If you are a typical high school student, where do you get your ideas on what attorneys do? Television and movies – that’s a pretty likely answer. So let’s role the tape and look at the reality of being a lawyer versus what the movies show.
For example, consider a clip from the 1998 movie, “A Civil Action.” After viewing it, Milwaukee Circuit Judge Carl Ashley’s reaction was, “It’s pretty sensationalized, but partly true.” Court rooms and law firms may not have movie-like drama often, but lawyers in real life do help people and can “make something right,” Ashley said.
In the movie, the lawyer played by John Travolta called some lawyers “bottom feeders.” But Marquette Law School Professor Rebecca Blemberg, a former prosecutor, said lawyers she has worked with almost all have been people who really want to help others, and a lot of people genuinely benefit from lawyers.
Milwaukee County Judge Joseph Donald said he wished some aspects of the movie were matched in real life. “I’d love to have theme music playing every time I’m in court,” he said.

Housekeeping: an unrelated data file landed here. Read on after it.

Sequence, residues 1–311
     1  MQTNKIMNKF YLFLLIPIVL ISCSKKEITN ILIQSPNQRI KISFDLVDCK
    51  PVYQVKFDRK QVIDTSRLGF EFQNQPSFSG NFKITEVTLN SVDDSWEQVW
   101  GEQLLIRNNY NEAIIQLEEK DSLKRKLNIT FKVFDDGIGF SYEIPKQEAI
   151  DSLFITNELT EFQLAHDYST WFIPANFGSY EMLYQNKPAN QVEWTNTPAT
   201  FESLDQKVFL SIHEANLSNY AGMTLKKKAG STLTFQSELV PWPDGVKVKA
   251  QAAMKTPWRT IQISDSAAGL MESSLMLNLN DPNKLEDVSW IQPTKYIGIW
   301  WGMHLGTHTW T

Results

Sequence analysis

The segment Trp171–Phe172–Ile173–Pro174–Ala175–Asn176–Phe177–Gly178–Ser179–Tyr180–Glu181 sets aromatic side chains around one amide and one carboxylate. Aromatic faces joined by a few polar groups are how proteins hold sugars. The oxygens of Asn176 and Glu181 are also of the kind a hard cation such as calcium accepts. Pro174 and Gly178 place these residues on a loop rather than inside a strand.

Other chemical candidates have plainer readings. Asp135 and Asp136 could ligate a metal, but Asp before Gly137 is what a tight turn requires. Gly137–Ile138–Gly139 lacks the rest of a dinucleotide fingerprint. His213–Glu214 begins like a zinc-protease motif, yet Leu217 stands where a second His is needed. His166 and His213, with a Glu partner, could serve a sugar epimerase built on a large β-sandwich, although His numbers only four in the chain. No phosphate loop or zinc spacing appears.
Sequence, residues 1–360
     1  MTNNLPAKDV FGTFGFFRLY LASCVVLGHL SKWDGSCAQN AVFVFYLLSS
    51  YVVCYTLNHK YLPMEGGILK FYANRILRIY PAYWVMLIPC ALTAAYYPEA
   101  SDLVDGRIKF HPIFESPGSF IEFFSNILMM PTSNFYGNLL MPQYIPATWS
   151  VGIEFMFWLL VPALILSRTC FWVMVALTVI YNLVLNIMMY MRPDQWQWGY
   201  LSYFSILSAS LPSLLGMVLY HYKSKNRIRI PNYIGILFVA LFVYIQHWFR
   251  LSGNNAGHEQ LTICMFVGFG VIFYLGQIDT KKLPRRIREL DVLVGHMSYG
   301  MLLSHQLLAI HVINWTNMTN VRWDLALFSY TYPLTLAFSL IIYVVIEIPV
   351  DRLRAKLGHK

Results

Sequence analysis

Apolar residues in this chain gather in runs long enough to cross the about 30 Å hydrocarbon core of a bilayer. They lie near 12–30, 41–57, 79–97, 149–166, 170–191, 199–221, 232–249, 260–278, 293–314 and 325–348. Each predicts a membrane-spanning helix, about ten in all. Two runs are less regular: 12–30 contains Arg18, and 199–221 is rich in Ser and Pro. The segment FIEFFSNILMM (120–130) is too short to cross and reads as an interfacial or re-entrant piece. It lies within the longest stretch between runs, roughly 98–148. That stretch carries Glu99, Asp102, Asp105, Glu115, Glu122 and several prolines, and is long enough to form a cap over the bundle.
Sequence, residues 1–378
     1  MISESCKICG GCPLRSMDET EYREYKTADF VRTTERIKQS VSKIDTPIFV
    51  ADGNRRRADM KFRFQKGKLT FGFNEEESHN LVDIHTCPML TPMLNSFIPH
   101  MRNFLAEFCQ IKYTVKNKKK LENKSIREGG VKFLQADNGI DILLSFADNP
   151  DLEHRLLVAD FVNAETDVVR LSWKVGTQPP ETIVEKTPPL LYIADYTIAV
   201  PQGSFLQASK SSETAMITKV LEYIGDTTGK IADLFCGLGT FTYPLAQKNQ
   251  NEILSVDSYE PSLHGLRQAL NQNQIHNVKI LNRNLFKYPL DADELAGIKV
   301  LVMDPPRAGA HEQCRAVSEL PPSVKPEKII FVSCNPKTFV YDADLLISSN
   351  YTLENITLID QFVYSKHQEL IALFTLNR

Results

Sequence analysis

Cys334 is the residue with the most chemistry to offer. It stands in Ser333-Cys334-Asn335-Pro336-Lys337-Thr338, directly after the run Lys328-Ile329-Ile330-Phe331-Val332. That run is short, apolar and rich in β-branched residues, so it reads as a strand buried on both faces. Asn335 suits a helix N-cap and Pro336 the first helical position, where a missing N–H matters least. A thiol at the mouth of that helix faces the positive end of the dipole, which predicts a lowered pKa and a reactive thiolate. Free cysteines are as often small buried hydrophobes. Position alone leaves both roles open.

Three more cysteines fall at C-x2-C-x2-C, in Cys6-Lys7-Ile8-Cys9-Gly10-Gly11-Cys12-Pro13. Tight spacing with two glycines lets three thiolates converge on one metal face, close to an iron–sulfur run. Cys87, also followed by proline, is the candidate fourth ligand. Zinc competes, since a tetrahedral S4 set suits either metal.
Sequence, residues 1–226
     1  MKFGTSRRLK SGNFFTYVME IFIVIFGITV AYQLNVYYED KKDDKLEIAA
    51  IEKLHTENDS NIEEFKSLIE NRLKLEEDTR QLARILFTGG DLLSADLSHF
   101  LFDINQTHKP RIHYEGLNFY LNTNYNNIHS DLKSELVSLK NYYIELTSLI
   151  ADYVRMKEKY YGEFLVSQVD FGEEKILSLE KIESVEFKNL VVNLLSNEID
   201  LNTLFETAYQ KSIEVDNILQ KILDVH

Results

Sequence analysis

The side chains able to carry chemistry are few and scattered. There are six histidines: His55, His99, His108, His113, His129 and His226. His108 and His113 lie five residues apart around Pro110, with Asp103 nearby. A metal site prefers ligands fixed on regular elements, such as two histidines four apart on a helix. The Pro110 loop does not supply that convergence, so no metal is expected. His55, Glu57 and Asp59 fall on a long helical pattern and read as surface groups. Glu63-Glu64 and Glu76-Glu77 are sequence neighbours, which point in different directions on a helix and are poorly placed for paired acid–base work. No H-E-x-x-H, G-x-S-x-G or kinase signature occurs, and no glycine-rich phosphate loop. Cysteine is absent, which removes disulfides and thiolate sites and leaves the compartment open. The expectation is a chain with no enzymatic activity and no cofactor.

And Marquette Law Professor David Papke said the real case that was the basis of “A Civil Action” didn’t turn out so well for the attorney for the plaintiffs – he tried to do the right thing and ended up filing for personal bankruptcy.
Joining the four in watching that movie clip (and several others) were 180 students from eight public and private schools that took part in Youth Law Day at Marquette Law School’s Eckstein Hall on March 12. The event was sponsored by the Law School, the Saint Thomas More Lawyers Society, and the Milwaukee County district attorney’s office. Even during their spring break week, about 20 Marquette Law students assisted during the mock trial and shared their educational experiences with the high school students. Law student Lindsey Anderson took a leading role in organizing the event. Read more »